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January 26 (Renewables Now) - California’s residential solar market would be reduced to half its current volume by 2024 as a result of the state’s proposed net metering changes, or NEM 3.0, Wood Mackenzie has forecast.
With NEM 3.0’s new monthly fixed charges and lower export rates, solar project payback periods would more than double, according to Bryan White, research analyst and co-author of the report.
“Our analysis for the two largest utilities – Pacific Gas & Electric (PG&E) and Southern California Edison (SCE) – reveals payback periods for typical residential solar projects built this year will increase from five to six years under current net metering to 14-15 years, depending on the utility,” said White.
Energy storage and financial products provide limited hedges against NEM 3.0, the analyst added.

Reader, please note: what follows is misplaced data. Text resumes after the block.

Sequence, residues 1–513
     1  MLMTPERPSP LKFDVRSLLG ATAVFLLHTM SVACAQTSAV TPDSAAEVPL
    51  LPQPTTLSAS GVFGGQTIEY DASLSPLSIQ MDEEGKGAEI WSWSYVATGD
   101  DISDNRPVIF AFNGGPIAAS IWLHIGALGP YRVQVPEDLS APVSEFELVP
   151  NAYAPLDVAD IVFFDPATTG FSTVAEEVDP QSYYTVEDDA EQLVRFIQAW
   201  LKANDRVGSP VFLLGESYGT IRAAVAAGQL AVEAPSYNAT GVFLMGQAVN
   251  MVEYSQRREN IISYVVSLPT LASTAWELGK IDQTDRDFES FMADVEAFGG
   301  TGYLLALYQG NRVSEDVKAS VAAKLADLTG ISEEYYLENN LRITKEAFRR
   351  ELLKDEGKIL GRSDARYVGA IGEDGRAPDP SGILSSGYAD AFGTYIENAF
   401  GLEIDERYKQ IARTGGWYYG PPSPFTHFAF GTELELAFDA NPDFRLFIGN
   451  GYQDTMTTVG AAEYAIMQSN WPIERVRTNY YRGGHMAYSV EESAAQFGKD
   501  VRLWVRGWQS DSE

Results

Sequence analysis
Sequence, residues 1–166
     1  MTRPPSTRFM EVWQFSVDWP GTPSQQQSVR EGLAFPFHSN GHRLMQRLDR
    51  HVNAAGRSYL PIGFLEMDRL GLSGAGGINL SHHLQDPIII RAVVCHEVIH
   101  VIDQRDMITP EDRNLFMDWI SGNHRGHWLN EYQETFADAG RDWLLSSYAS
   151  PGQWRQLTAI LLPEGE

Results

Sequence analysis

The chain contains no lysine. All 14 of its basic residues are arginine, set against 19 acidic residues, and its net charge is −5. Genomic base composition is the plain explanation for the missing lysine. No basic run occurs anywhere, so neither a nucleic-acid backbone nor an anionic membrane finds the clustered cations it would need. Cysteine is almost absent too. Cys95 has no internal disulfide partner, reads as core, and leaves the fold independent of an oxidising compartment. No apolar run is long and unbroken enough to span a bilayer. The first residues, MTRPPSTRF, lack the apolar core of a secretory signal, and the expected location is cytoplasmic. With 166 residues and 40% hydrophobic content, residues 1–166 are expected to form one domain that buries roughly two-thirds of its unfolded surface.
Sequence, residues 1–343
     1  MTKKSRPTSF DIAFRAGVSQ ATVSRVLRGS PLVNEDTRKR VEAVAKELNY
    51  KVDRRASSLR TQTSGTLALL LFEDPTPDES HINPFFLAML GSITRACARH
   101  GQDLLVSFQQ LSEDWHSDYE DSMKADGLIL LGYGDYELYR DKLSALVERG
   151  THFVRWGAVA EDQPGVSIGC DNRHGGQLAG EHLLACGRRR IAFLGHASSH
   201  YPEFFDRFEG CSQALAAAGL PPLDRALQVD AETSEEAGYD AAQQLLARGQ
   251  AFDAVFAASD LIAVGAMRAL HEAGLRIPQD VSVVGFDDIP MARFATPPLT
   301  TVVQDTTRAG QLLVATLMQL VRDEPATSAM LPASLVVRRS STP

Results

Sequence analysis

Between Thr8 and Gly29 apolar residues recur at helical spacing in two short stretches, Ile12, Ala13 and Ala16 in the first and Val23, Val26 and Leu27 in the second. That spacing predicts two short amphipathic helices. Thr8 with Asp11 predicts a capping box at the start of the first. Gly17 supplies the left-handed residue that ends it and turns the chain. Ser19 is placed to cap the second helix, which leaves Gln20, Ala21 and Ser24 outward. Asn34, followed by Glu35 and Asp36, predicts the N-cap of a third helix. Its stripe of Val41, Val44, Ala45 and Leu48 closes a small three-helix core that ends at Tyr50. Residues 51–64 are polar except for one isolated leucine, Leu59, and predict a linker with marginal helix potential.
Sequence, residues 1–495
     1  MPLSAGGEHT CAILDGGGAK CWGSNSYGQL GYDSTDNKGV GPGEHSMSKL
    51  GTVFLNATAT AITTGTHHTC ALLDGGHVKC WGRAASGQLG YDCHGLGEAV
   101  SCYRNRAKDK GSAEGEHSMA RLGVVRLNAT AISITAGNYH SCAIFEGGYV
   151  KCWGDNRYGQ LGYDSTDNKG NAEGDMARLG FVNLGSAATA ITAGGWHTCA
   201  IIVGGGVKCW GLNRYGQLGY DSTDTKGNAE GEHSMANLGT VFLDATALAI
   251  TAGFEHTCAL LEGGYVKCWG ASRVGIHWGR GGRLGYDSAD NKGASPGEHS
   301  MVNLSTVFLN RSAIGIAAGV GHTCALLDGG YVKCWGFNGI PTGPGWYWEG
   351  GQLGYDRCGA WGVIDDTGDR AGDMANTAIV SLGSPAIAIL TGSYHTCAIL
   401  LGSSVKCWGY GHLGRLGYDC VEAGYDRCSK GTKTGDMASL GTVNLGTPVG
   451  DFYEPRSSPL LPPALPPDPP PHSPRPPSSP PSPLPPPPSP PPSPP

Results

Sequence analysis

Wood Mackenzie currently assumes that, if approved, the proposal will begin affecting installations in July or August 2022 and lead to a rush of interconnection applications under NEM 2.0 rates in the first half of the year.
Installations in California are forecast to fall 42% year-on-year in 2023. In 2024, the new residential installed capacity is expected to drop to slightly more than 700 MW DC, which is roughly half of the 2021 market.
The current NEM 3.0 proposed decision is estimated to cause more than 2.4 GW DC of demand destruction in the state's residential solar market through 2026.
The analyst firm anticipates significant consolidation in California's residential solar market due to a double blow from the NEM 3.0 proposal and the stepdown of the investment tax credit (ITC).
The California Public Utilities Commission (CPUC) presented its NEM 3.0 proposal in December 2021.